This fall, AMC’s horror streaming service Shudder is putting the genre back in the hands of the LGBTQ+ community in a docuseries titled Queer for fear. Aiming to amplify the voices of a marginalized group of people who have strongly influenced the foundations of horror, the four-part series spoke with those directly involved, or those associated with them, about how the community has shaped films, stories and culture. horror since its earliest days. As fans prepare to binge-watch, Bloody disgusting shared a series of exclusive new posters that reimagine some classic horror icons with a weird twist.
Since Queer for fear going to take a deep dive into the origins of horror mainstays, like Universal Monsters and the very subgenres that make up the horror experience, Shudder has given us some unique new looks at the docuseries. The posters are awash in rich neons, purples, blues and pinks, and highlight horror story characters like the director Alfred Hitchcock and the Bride of Frankenstein. The not-so-subtle queer touch gives the promotional posters a hint of camp and a touch of beauty, savoring the sharp fangs, overt masculinity of Hitchcock and his cigar, and the bold defiance of Grace Jones.
Clever key art puts the queer right into the horror you know. A poster features a drag queen Mayhem Miller as “Reanimated Bride,” in an electric reimagining of Frankenstein’s lover who styles his big hair, but goes bigger, with exaggerated expressions and highlights that elicit absolute joy and scream, “Party!” Miller was popularized the RuPaul’s Drag Race Season 10, and All of RuPaul’s Drag Race Stars Season 5. Orange is the new blackSAG Award Winner Lea De Laria gave Hitchcock a rather handsome spin, honoring an iconic snapshot from the director, while the Electropop artist Saturn Risin9 strikes Grace Jones’ iconic crouching pose in a nod to late ’80s comedy horror Vamp. And finally, another RuPaul‘s proteges, drag performer BenDeLaCremeembodies the “Teen Wolf” transformer, but makes her pretty with wildly accentuated lashes and a bow fashioned from the ripped plaid shirt.
In an exclusive interview at this year’s San Diego Comic-Con, Collider’s Samantha Coley was able to speak with Queer for fear producers Bryan Fuller (Hannibal) and Steak houseas well as docuseries series interviewee and consultant Kimberly Peirce on the inspiration behind the series. When she asked Peirce what makes horror inherently weird, they replied:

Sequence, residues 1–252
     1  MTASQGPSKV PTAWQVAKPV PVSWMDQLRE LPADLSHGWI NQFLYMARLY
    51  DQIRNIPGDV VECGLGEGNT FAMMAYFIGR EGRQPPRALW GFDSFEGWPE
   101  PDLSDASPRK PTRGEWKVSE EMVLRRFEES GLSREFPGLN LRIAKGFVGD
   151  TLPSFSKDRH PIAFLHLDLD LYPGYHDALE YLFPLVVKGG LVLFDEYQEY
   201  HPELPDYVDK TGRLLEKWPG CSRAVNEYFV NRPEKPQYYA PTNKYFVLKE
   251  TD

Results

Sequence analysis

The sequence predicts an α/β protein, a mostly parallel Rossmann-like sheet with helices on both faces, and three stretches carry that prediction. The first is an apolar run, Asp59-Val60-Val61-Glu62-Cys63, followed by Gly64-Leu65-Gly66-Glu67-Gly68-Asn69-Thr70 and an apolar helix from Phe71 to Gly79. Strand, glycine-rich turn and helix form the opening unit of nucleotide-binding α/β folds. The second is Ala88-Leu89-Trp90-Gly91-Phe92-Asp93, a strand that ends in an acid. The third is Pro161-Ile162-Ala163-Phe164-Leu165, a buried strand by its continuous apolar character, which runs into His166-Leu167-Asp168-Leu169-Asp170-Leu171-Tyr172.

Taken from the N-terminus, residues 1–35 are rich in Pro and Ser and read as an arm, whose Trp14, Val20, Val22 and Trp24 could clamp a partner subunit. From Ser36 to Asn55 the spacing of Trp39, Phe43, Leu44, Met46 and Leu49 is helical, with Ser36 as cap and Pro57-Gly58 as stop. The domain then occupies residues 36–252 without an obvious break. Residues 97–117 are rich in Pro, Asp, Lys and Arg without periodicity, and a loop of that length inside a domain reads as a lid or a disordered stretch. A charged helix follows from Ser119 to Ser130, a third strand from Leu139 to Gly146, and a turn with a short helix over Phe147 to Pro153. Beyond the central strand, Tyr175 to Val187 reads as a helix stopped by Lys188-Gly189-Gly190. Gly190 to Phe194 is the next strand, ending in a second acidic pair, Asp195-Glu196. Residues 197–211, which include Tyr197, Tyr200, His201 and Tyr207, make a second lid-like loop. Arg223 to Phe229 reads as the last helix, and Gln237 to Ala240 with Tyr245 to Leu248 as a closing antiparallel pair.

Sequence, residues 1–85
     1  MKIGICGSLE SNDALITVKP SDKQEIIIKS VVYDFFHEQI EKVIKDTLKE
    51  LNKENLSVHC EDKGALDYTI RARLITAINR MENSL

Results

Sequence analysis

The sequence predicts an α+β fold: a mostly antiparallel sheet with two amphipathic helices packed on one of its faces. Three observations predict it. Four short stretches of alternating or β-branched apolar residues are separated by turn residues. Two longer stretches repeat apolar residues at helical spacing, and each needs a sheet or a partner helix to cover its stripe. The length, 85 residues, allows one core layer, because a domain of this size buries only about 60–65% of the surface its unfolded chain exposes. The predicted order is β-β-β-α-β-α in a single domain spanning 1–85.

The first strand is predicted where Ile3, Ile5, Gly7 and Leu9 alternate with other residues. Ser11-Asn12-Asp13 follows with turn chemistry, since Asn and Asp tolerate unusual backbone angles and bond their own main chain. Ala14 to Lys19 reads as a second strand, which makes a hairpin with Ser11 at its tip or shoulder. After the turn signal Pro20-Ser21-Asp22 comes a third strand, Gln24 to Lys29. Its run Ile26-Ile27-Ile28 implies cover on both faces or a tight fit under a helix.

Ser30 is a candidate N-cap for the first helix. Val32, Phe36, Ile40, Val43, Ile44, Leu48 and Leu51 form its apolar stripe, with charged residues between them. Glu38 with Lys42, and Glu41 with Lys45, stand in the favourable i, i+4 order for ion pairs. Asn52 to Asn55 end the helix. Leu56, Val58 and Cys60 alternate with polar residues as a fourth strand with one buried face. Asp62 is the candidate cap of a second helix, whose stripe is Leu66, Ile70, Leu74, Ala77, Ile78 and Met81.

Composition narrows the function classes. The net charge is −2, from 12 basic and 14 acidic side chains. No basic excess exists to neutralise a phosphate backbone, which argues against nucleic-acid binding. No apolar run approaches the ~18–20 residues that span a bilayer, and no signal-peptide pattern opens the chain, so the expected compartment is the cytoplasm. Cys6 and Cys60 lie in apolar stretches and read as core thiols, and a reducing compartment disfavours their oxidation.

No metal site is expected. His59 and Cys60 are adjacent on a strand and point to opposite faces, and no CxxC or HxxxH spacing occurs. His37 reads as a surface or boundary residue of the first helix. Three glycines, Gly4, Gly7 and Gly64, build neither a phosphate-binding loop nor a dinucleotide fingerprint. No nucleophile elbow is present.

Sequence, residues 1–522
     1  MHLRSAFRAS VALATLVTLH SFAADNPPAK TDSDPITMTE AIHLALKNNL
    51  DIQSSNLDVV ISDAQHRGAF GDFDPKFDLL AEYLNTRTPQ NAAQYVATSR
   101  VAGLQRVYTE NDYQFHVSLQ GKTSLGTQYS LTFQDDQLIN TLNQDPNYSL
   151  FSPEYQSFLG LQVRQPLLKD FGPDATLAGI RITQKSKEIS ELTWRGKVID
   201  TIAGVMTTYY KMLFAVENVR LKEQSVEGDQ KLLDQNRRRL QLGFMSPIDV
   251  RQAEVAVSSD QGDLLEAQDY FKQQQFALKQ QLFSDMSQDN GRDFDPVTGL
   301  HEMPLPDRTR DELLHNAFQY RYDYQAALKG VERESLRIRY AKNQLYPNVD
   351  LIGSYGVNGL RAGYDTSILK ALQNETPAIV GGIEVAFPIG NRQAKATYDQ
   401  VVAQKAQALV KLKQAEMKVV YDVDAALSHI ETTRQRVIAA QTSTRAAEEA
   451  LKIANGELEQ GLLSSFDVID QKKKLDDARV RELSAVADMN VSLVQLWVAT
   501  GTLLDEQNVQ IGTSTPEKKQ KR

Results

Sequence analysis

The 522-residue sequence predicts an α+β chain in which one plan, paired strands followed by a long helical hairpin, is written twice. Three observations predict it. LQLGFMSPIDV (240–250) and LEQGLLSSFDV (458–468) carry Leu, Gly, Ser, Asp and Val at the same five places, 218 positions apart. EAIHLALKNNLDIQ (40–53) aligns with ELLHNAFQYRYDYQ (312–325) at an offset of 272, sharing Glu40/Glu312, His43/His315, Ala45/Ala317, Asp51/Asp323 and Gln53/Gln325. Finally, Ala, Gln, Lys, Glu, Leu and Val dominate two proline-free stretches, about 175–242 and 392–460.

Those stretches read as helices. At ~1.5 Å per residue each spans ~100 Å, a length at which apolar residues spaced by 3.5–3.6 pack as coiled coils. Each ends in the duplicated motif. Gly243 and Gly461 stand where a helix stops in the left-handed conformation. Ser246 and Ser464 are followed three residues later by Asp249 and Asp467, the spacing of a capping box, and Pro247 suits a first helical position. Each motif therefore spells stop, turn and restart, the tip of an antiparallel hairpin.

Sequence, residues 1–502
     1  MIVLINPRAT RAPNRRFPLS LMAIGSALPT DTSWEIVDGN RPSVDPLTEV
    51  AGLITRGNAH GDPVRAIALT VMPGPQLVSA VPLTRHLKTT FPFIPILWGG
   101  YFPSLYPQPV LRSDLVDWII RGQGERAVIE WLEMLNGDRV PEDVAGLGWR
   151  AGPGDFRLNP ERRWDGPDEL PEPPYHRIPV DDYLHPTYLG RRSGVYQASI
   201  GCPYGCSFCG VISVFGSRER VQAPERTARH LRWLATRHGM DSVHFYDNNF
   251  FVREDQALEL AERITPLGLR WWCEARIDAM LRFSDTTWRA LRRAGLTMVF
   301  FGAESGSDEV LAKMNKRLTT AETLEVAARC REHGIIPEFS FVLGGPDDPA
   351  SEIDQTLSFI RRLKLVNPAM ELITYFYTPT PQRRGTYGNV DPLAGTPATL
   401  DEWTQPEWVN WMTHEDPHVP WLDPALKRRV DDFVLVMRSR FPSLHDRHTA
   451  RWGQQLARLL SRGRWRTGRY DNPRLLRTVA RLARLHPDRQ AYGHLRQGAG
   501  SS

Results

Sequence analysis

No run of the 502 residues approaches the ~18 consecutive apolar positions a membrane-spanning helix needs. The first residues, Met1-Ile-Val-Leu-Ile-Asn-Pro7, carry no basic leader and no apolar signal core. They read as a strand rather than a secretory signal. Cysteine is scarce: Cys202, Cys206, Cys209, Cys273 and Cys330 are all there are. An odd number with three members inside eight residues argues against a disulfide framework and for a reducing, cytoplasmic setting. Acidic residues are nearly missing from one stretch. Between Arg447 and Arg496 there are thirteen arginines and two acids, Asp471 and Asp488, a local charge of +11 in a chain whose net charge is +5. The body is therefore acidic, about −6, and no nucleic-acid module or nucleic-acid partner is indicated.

“Well, being all freaks, I don’t know if I’m speaking for those freaks. But look, I certainly think that in a culture that has normativity, heteronormativity, gender normativity, when you don’t naturally fit into this normativity, especially in previous generations, when you reach adulthood and you don’t see a reflection of yourself, you become very astute looking between the lines and saying to yourself, “Oh, I think it could be me. I think it could be a future me.”…I was looking a lot between the lines…that all of these layers of power to see us represented and read us into existence until we can really make ourselves exist. So I think you have a very creative audience creating themselves in it. And then we can go into detail about the monsters and horror we all react to.
Queer for fear is produced by Fuller and will include interviews with horror names like Jennifer’s body director Karyn Kusama, chuckyit is Jennifer TillyDeLaria, the son of psychologyit is Anthony Perkins, Oz Perkins (Nope), and more.
You can stream Queer for fear exclusively on Shudder, starting September 29, just in time for Halloween! Discover the posters, photographed by Tayo Kukobelow, along with Coley’s interview from SDCC.
The Shudder Official Queer for fear the synopsis reads as follows:
From its literary origins with queer authors Mary Shelley, Bram Stoker and Oscar Wilde to the 1920s pansy craze that influenced Universal Monsters and Hitchcock; from the alien invasion films of the mid-20th century “lavender scare” to the AIDS-obsessed bloodshed of ’80s vampire films; through the gender horrors of a new generation of queer creators; “Queer for Fear” re-examines gender stories through a queer lens, seeing them not as violent and murderous tales, but as survival stories that resonate thematically with queer audiences everywhere.